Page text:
Dozens of members of the United Communities for Life and Water (“CUVA” in Spanish) Coalition gathered together on September 15th in San José del Carmen to celebrate the completion of 15 rainwater harvesting systems in eight different communities with Caminos de Agua since July of this year.Read More
Casita Linda and Caminos de Agua have joined forces to work with the community of Palo Colorado to build six large-scale rainwater harvesting systems in five new homes built by Casita Linda as well as one in the community’s elementary school. The 12,000-liter capacity cisterns, combined with ceramic water filters, ensure that families and students will have access to safe and healthy drinking and cooking water year-round. Last week (02-10 to 06-10), the first system was build at the elementary school.Read More
By Bruce Janklow
During the first week of September, Caminos de Agua – a San Miguel based NGO – ran a six-day course for a group of students from Western Washington University in partnership with Jorge Catalan, a local liaison with the University.Read More
New and important research done in Mexico with 300 mother-children couples illustrates that fluoride exposure potentially has an even stronger impact on our children before they are born. Fluoride exposure was measured based on the fluoride levels in the urine of the mothers and children over a 12 year period. This study shows average values for urinary fluoride in the mothers and children of 0.90 mg/L and 0.82 mg/L, respectively (Read an article about the study by CNN here).Read More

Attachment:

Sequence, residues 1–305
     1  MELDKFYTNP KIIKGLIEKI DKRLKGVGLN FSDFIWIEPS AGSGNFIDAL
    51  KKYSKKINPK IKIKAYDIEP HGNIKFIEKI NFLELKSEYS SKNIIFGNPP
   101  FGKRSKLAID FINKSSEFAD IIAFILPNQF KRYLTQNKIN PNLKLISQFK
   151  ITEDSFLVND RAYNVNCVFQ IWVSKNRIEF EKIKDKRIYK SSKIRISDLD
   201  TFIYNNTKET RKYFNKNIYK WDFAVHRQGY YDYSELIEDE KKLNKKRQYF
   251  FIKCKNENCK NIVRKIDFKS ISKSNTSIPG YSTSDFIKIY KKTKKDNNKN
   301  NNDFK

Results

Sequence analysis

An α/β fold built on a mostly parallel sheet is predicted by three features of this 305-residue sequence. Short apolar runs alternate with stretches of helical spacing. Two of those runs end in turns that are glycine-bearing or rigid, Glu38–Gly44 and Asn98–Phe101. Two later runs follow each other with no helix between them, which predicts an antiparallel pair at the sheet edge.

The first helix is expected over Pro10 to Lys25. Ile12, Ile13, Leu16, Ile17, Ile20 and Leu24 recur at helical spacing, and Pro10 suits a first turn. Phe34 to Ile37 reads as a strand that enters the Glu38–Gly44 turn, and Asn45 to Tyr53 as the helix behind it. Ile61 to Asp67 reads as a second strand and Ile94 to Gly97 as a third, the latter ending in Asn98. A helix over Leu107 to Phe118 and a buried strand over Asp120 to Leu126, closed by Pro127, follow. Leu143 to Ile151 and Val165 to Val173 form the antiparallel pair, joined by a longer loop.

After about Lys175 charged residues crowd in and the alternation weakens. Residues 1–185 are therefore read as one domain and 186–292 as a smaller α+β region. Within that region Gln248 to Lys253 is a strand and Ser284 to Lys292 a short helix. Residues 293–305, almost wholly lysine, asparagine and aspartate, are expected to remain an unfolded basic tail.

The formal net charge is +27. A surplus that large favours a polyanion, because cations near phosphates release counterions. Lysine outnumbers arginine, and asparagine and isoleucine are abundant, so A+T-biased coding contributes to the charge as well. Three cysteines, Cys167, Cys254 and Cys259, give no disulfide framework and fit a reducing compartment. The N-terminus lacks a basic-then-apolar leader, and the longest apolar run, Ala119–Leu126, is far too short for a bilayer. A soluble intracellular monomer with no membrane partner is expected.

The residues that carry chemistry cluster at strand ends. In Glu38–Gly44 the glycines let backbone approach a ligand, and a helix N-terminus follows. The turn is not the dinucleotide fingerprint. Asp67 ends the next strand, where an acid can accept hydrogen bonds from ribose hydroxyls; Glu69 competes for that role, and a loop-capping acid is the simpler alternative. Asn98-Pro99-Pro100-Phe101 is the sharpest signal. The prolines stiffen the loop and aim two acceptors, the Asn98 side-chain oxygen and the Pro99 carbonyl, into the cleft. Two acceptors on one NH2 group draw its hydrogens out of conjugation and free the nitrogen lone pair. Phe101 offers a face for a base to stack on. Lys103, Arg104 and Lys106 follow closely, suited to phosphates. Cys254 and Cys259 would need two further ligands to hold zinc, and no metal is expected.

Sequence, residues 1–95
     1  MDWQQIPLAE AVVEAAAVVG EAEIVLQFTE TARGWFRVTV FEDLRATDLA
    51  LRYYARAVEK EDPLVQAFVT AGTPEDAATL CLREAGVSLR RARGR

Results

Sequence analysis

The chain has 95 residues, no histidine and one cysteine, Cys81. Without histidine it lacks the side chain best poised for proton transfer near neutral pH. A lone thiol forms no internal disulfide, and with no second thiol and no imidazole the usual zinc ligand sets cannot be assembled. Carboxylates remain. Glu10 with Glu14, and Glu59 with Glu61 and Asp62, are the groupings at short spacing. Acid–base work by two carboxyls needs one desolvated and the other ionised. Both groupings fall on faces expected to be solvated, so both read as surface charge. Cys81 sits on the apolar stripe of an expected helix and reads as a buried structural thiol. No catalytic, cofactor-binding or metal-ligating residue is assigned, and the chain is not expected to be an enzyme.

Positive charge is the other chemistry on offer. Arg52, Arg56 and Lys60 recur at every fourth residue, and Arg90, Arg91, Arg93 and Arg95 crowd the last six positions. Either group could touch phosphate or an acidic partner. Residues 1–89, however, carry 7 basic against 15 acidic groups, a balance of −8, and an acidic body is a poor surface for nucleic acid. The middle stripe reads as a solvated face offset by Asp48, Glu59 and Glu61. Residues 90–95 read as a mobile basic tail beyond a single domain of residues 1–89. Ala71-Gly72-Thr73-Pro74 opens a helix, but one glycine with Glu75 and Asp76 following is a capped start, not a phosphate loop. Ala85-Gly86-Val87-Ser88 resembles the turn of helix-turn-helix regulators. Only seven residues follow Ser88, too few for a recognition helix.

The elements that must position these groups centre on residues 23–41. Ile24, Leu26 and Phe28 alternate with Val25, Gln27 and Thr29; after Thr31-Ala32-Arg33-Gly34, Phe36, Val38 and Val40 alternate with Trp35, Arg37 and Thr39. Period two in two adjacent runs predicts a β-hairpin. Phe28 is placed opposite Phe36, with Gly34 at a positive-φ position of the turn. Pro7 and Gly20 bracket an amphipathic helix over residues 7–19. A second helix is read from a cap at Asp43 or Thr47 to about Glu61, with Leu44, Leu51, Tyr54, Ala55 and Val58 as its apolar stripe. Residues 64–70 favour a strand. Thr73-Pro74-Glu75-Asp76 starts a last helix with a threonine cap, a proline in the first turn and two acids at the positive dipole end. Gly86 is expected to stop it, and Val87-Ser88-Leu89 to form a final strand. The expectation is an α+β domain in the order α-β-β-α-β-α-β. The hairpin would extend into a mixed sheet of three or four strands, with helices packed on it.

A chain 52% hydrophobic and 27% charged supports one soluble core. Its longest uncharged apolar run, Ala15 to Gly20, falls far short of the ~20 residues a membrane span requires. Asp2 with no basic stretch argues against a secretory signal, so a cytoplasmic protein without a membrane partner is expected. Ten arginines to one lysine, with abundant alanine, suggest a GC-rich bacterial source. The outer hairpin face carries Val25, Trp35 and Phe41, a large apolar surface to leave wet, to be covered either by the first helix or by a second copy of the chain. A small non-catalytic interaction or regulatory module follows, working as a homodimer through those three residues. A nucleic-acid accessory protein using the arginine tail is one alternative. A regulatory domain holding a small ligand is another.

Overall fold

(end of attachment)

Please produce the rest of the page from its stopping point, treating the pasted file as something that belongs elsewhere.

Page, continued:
September brought disaster to southern Mexico in the form of a 8.1 magnitude earthquake and hurricane Katia which destroyed buildings and infrastructure, displaced families, and disrupted water supplies. Our thoughts are particular with the families who lost loved ones.
We are able to place these filters thanks to our relationship with Concern America in Chiapas who distributes our ceramic water filters as part of their clean water programming.Read More
Last month, a diverse group came together at Caminos de Agua's field site for a three-day water-filter-construction workshop. Participants came from the north (Chihuahua) and south (Chiapas) and from near (San Miguel, Mexico City) and far (the US, Colombia). The group included water professionals, farmers, architects, engineers, tradespeople, NGO workers, students, and many, many water enthusiasts. The participants showed up on Tuesday morning energized and excited to learn about biochar.Read More
Twelve engineers, development professionals, and students joined our two-week summer course - 2017 sustainable technologies in action - this year. In its fourth edition, the course grew out of CATIS Mexico’s vision to connect others to a broad array of sustainable technologies. While we have sharpened our focus on water solutions, we maintained our commitment to inspiring the next generation of changemakers in environmental solution seekers by partnering with IRRI Mexico on this summer course.